What Is Business Credit, and How Do You Build It?

Jill Beirne Davi

You probably know that credit is a way to evaluate your trustworthiness as a borrower, using a credit report (documentation of your past borrowing and accounts) and a credit score (a three-digit number that represents your history at a glance).

But here’s a curveball for you: What do you know about business credit?

Whether you’re a business owner or simply dream of striking out on your own one day, read on to find out how business credit differs from personal credit, why it’s so important and how to establish it for your own company.

Why Business Credit?

At its core, business credit is similar to personal credit—it represents your business’s ability to borrow money from authorized lenders, based on its past actions.

Personal credit, used to evaluate everything from your readiness for another credit card to the interest rate for your mortgage, is linked to your personal information—all contributing accounts are held in your name and with your Social Security number. Business credit, however, is linked to the business entity with a separate tax ID number. Once you establish business credit, a change in your personal credit history, like a foreclosure or late payments, won’t affect your business credit (and vice versa).

Business credit, like personal credit, is something to build before you need it. Of course, if you’re considering starting a business, emergency savings is important to have, but there’s always the chance that something might not go according to plan. At some point, your business may need access to credit to cover unexpected costs (think a sudden rent hike or cash flow issues) … so you don’t want to wait to until you’re backed into a corner to apply.

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A common mistake many business owners make is funding their business expenses through personal lines of credit or personal credit cards, which in some cases makes them financially liable for the business entity’s actions. For example, the owner of a bakery who uses his own funds to buy supplies and pay the rent could be personally liable when he hasn’t paid in three months and creditors come a-knocking.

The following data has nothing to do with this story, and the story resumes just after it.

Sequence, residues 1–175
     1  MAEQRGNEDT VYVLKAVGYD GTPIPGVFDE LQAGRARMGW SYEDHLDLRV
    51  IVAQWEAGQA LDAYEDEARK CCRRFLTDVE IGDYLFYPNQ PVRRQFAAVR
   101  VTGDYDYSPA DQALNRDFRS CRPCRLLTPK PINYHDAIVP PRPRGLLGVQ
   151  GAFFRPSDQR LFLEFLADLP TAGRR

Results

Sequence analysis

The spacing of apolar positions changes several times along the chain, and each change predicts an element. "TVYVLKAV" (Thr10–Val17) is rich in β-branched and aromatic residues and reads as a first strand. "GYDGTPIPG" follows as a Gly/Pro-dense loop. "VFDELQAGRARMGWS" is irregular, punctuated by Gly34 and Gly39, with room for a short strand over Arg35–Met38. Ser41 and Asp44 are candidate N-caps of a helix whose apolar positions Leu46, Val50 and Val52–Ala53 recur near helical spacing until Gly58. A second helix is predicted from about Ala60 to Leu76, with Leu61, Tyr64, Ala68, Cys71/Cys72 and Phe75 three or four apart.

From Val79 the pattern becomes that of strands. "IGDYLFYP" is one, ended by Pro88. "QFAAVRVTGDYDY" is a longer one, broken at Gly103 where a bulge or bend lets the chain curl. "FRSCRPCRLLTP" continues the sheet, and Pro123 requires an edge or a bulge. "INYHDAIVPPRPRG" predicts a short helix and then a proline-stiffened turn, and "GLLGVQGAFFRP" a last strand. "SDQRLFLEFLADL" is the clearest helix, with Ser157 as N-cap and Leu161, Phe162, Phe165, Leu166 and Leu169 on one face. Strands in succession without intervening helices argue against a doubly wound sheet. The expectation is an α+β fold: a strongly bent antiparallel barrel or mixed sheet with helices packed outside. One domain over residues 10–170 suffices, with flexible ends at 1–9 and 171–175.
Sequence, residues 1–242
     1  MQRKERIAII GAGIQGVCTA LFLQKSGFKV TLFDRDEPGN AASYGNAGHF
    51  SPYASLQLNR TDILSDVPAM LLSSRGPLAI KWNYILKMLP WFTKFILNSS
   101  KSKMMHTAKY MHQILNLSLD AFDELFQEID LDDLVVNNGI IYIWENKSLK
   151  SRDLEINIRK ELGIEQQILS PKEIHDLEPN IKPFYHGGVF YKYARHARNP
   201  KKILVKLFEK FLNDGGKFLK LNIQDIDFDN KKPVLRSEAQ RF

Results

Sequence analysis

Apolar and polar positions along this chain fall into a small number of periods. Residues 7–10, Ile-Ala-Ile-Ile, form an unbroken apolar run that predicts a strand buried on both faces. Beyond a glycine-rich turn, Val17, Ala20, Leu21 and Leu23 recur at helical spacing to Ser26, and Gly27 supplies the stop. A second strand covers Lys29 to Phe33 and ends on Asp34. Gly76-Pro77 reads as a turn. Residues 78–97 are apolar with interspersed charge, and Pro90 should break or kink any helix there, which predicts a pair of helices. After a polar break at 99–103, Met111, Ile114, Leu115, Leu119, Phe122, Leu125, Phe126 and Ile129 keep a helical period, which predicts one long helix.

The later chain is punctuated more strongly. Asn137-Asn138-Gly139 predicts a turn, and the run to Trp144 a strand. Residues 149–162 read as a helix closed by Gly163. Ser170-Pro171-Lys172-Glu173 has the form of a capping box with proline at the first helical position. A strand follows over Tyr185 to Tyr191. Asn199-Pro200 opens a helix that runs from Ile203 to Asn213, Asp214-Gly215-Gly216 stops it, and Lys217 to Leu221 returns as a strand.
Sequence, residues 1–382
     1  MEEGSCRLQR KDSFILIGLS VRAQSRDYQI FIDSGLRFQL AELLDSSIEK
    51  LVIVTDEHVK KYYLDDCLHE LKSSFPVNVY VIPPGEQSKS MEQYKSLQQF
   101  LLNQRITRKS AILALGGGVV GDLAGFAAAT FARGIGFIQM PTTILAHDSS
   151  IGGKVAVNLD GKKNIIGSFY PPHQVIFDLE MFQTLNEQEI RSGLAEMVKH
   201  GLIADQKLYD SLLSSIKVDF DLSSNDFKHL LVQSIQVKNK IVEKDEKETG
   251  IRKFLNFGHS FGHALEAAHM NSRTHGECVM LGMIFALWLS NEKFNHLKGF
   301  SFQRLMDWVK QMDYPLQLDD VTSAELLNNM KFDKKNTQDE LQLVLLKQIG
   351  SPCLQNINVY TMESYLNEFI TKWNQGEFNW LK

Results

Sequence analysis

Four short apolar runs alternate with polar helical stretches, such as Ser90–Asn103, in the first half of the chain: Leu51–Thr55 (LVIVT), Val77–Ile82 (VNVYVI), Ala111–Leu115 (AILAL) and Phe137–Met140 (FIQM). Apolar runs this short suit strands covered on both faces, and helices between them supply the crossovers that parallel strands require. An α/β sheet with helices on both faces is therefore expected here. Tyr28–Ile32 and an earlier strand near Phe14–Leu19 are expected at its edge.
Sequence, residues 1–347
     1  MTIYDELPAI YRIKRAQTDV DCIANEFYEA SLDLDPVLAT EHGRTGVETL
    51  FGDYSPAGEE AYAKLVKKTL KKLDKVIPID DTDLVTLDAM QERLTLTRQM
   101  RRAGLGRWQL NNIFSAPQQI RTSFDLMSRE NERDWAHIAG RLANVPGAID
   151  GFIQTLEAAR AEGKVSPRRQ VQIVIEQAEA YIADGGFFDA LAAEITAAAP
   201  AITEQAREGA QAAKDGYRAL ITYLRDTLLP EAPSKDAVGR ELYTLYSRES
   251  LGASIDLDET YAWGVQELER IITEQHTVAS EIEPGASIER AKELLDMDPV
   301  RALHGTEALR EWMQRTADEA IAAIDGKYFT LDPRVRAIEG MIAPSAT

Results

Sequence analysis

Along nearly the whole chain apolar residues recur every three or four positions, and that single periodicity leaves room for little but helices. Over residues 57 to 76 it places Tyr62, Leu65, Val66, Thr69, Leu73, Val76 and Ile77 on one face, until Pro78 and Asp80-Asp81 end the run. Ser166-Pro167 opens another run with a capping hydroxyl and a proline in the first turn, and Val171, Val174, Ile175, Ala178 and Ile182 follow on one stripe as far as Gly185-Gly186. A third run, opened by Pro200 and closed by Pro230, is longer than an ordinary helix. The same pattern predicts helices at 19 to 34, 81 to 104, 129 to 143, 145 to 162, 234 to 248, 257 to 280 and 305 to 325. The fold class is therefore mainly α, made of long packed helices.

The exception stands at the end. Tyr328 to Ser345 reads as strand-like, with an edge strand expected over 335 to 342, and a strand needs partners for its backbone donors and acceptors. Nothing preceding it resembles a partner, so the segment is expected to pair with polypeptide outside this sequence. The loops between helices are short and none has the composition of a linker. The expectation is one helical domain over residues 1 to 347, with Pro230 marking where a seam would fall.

Plus, as a business owner, you’ll most likely be requesting loans for both your personal and business accounts, each of which require a lender to ask a credit bureau about your history. This means you’ll get more inquiries than someone who doesn’t own a business—and since each inquiry dings your score, it’s important to spread them across two different files to lessen their impact. As an added bonus, establishing business credit early on could mean that you receive better interest rates on loans when it’s time to apply, since you’ve had time to build a solid business credit history.

How to Get Started

The first step in establishing this independent credit is to make sure your business is a business, legally. If you haven’t filed the paperwork that makes your business official in the eyes of the bank and the I.R.S., you’ll need to do that before anything else. For more information on how to go about this, visit the Small Business Association website.

Next, you’ll need a separate business mailing address, phone, and name as well as a tax ID number from the I.R.S. Separate from your Social Security number, this number is known as a federal tax identification number (FIN) or an employer identification number (EIN). You can apply for your EIN directly through the I.R.S. website, which is a free service that will process your application within minutes. Once you’ve done this, you can open a checking account and savings account in the business name using the EIN number and deposit funds.

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The last step is registering your business with at least one credit reporting agency. Before going through the process, make sure you don’t already have a credit profile by contacting Dun & Bradstreet, which issues the most widely used company identification number, called the D-U-N-S® number. Once you have a D-U-N-S® number, D&B will then set up a credit file for your business. Note that while credit bureaus such as Experian and Equifax also offer business credit services, the Small Business Association (SBA) primarily recommends the free service from D&B. Fun fact: While the pinnacle of a perfect personal credit score is 850, your business credit score is measured from 0-100, with anything over 75 considered excellent.